Members and non-members alike will always find the PDF Association website, www.pdfa.org , a good place to start. The organization has made available video recordings and slides of technical presentations regarding PDF/UA from the PDF Association’s 2012 Technical Conference. Members of the PDF Association benefit from a network of renowned experts, extensive internal resources and active collaboration in the PDF/UA Competence Center.
An assertion of PDF/UA conformance places stringent demands on both document authoring software and the author responsible for the conformance status of a particular document. In PDF, text strings of arbitrary lengths may occur in almost any content stream for a wide variety of more-or- less unfortunate reasons. Developers can take very little for granted, but PDF/UA ensures a focus on what matters for accessibility purposes. PDF/UA makes it possible to deliver accessible content with the reliability that is a hallmark of PDF.
To comply with PDF/UA, all content on the PDF page must be correctly categorized as artifact or real content. All real con tent must then be correctly characterized in semantic terms and a tags tree provided, to indicate the logical reading order of the document.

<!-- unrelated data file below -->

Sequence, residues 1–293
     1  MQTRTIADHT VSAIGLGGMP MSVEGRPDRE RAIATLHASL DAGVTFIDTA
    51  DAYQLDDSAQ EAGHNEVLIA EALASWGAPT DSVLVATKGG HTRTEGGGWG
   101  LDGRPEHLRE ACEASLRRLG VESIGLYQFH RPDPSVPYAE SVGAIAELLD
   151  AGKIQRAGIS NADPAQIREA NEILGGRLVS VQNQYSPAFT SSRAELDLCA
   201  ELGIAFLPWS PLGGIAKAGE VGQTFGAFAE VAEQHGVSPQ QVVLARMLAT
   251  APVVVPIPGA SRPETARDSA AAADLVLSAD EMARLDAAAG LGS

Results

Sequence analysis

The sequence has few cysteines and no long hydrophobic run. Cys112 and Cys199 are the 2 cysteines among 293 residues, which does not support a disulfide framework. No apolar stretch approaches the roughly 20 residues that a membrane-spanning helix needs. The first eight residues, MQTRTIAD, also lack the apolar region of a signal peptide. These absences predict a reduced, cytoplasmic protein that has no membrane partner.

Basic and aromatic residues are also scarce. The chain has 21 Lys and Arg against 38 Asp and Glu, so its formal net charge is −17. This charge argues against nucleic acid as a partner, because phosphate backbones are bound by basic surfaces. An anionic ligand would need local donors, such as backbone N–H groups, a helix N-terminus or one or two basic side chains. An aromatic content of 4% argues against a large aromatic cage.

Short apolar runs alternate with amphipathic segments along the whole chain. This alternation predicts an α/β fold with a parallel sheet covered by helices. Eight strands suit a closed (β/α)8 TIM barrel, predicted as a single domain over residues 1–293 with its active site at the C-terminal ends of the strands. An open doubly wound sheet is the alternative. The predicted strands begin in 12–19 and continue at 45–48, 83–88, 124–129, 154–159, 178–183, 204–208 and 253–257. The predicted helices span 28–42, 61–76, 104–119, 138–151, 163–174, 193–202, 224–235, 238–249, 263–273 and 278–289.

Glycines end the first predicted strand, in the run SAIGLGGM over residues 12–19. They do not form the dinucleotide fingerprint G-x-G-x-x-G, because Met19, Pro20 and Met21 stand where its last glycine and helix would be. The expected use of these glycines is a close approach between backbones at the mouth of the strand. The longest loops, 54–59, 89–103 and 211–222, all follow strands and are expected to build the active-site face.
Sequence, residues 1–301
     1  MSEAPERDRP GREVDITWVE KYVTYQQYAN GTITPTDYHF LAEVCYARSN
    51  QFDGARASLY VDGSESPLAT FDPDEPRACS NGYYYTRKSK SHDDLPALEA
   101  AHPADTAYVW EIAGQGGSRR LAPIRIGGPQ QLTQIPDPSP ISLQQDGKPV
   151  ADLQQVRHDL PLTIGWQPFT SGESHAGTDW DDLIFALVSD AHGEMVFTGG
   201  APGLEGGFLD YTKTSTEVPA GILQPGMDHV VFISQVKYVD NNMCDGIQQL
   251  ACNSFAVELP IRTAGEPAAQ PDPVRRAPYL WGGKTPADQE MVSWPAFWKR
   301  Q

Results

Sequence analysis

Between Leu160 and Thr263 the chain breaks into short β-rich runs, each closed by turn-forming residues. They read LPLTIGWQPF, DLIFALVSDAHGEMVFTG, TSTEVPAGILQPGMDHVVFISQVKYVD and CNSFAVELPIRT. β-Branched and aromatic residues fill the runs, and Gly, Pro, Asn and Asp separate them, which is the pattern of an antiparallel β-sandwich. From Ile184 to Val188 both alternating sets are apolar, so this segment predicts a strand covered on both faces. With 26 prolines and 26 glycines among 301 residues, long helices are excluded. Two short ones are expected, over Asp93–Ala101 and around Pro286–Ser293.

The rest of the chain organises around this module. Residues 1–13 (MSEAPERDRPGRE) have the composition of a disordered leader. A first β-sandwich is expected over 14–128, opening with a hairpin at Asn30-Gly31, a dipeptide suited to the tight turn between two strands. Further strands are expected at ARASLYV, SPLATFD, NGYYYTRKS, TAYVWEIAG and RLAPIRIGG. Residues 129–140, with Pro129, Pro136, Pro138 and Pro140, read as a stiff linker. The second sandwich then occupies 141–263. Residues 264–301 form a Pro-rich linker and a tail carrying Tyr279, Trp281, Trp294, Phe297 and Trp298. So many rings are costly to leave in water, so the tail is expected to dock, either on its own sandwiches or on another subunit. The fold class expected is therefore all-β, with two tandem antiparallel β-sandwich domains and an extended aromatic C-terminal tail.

High quality input PDF files are required, including several specific technical requirements for font embedding and character encoding, among other requirements.
Conformance with ISO 14289 enables a top-quality reading and navigating experience with all types of conforming assistive technology. Organizations can use PDF/UA as part of their overall strategy to comply with applicable accessibility laws, regulations or best practices. PDF/UA enables…
Consumers of PDF/UA conforming PDF files include PDF readers, screen readers, magnification and text re-flow tools, Braille printers, text-to-speech (TTS) systems, content reuse and re-purposing implementations as well as search engines.
Within the PDF Association, accessibility experts, PDF developers and supporters of PDF/UA work together in the PDF/UA Competence Center to discuss strategies, develop educational material and research technical implementation details. We identify opportunities to speak at conferences and organize webinars or in-person-events to educate developers, policy makers and end users about PDF/UA.
If your organization is already a member of the PDF Association, consider joining the conversation and activities in the PDF Association’s PDF/UA Competence Center – just send an email to email@example.com for more information or to sign up right away.
If your organization cannot become a member of the PDF Association you may still join as an individual and become part of the PDF/UA Competence Center’s meetings, discussions, public events and development efforts. Again, just send an email to firstname.lastname@example.org for more information.
Founded in 2006, the PDF Association exists to promote the adoption and implementation of International Standards for PDF technology. The activities of the PDF Association cover the PDF standard itself as well as PDF/A, PDF/E, PDF/UA, PDF/VT and PDF/X. We work closely with ISO on the develop ment of future PDF standards. If you wish to participate in the most influential association for PDF to shape what PDF will look like in the future, please get in touch:
Association for Digital Document
– PDF Association –